One thing is clear: the militant traditionalists who are disrupting The Episcopal Church have consistently made outrageous requests, so that they can claim to be persecuted when those requests are not granted. Aren’t two outrageous requests better than one?


As has been its custom, Progressive Episcopalians of Pittsburgh (PEP) has prepared briefing papers on issues related to the diocesan convention. Papers on the resolution discussed above and on the proposed budget, along with diocesan documents such as the pre-convention journal, can be found on the PEP Web site. The briefing papers “Being Episcopalian and Anglican” and “Alternative Primatial Oversight is Unnecessary and Unconstitutional” are of particular relevance to the matters discussed above.

October 25, 2006

What, Me Worry?

The message the Bush administration wanted to send yesterday was that the Republican Party is not going to lose control of either the House or the Senate in next month’s elections. The President expressed this view with his confident, Alfred E. Neuman smile, and a similar message was being put out by his underlings and handlers. This, in spite of negative polls and a constant string of news items unfavorable to the administration and the Republican Party. Of course, the President may be right. American voters have embarrassed many a pollster over the years, but the Democrats seemingly have their best opportunity in years to regain national influence.

Putting on a happy face when the news is bad, of course, is a well-established political tradition. More distressing was another message coming from the Bush administration, namely that the White House is so confident that Republicans will retain control of Congress that no plans are being made to deal with a divided government. This is not a surprise, of course. The administration likewise had no plans to deal with Iraq when our soldiers were not greeted as liberators. Apparently, contingency planning just isn’t a Republican thing.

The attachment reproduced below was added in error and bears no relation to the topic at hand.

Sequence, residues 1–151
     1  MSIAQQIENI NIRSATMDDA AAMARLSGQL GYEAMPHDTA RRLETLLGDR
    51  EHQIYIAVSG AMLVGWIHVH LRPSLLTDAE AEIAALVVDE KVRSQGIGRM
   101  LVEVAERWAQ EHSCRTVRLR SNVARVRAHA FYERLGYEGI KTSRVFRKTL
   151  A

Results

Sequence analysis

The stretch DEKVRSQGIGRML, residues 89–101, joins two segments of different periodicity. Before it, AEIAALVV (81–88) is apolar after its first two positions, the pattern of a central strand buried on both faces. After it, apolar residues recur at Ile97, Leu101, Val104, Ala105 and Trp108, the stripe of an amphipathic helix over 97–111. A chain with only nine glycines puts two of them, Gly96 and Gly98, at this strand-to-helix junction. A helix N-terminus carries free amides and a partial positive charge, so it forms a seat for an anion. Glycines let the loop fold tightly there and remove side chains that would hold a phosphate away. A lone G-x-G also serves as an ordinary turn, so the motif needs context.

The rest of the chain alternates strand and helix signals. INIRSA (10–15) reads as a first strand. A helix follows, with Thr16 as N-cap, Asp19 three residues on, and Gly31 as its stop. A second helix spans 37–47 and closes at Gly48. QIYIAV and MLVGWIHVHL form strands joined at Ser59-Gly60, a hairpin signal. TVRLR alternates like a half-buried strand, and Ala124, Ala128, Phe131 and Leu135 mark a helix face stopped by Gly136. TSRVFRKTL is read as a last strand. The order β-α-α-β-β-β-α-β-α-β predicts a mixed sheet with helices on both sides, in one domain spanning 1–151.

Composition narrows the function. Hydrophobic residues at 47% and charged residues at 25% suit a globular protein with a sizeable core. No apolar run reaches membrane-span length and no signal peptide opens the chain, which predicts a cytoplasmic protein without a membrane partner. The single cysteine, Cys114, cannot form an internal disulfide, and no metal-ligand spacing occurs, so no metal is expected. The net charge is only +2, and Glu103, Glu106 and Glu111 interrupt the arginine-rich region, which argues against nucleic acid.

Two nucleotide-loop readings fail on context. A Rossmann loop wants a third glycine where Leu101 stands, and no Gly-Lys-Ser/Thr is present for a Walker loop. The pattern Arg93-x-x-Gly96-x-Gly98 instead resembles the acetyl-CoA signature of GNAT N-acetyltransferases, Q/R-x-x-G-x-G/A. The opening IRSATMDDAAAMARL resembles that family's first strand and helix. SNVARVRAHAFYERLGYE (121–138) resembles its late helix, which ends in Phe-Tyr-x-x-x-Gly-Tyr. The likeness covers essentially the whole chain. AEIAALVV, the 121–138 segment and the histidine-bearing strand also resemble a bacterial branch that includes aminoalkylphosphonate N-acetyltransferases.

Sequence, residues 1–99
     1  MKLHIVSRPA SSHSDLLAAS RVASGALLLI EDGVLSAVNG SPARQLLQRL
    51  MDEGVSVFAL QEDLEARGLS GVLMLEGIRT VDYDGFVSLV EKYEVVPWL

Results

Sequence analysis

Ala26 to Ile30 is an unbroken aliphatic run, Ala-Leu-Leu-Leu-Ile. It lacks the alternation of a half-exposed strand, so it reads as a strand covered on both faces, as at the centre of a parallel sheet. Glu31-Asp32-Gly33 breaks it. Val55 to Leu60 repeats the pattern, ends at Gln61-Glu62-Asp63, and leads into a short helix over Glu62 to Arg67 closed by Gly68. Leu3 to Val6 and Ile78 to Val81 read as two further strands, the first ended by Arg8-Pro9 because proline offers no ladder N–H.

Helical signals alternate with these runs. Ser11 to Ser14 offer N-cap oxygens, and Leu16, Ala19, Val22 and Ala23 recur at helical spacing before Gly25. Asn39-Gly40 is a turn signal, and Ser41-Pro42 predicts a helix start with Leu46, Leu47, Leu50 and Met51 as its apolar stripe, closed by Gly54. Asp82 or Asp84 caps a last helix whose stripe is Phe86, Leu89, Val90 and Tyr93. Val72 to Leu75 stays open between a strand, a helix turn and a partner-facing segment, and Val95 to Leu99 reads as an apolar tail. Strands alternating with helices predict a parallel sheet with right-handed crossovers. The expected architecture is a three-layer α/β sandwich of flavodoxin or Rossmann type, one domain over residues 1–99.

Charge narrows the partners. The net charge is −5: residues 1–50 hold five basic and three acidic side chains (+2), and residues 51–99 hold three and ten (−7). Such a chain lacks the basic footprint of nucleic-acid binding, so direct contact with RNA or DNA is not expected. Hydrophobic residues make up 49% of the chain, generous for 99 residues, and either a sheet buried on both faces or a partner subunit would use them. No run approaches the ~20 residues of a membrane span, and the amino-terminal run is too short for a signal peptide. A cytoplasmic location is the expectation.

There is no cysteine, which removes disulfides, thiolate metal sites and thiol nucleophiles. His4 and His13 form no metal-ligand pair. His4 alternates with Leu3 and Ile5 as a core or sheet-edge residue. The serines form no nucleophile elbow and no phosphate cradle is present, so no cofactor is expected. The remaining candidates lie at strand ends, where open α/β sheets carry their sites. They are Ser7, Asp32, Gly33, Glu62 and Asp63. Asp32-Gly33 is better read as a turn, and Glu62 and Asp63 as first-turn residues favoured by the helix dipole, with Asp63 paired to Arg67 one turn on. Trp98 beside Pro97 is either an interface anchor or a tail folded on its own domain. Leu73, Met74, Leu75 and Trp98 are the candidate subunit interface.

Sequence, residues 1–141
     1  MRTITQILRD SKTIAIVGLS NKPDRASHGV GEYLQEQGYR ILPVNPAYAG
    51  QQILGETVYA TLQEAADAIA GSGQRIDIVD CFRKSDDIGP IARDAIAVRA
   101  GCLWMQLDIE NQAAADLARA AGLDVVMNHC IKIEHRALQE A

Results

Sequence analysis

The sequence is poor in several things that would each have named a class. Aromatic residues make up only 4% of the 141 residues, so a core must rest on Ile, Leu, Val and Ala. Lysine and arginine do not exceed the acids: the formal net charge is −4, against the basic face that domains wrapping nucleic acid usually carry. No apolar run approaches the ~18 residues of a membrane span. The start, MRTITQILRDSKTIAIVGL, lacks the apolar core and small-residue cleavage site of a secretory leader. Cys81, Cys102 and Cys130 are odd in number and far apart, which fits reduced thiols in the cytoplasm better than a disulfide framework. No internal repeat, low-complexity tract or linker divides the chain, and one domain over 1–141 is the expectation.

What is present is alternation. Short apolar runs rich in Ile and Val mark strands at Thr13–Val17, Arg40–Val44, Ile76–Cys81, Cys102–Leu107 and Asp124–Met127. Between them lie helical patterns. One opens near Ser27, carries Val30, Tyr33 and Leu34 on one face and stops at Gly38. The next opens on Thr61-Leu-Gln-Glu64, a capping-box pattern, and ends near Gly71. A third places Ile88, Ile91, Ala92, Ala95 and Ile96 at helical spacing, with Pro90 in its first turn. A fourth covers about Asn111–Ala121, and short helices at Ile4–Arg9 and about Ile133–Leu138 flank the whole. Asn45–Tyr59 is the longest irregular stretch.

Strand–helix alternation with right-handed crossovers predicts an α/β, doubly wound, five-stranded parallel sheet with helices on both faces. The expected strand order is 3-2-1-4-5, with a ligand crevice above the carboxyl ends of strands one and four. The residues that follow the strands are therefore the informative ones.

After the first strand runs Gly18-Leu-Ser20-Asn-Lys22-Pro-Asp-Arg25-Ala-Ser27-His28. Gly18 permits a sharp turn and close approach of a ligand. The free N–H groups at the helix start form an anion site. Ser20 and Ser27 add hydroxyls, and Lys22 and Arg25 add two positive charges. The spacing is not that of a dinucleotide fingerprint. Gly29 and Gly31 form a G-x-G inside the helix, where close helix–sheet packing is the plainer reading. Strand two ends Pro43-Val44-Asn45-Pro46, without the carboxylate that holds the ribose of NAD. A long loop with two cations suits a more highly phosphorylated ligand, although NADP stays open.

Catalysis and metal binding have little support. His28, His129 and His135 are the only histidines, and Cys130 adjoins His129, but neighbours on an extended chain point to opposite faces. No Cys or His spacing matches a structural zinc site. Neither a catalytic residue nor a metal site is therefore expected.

October 7, 2006

Trying Too Hard II

In a recent post, I commented on pronunciations that appear to be the product of well-meaning ignorance. I though I had found another example of this phenomenon in “columnist.” I pronounce this word kol-e-mist, but I frequently hear it pronounced kol-em-nist. I was surprised when I looked up the word in the dictionary. The preferred pronunciation (first-listed, anyway) is kol-em-nist. My surprise caused me to consult several dictionaries, always with the same result. This is very curious. No dictionary suggests that that the “n” in “column” is ever pronounced, so why should it suddenly be voiced when a suffix meaning “one who makes or produces a particular thing” is tacked on to it? (The word “column” comes from the Latin columna, by the way. The “n” lost its vowel along the way, and is therefore not voiced.)

According to the Oxford English Dictionary, “columnist” is a relatively new word, appearing first in the U.S. in the 1920s. The first example of its use given in the OED actually uses the spelling “colyumist.” (“Colyum” is listed as a “jocular spelling” of “column.”) A second example uses the conventional spelling. Just as suffixing a contraction of “not” to the word “did” should not be expected to change the initial sound of the resulting word, it is a surprise that this expectation is often not realized when “ist” is suffixed to “column.” My suspicion is that the spelling “columnist” is simply too suggestive, making the pronunciation kol-em-nist more common than kol-e-mist, even if it is less logical.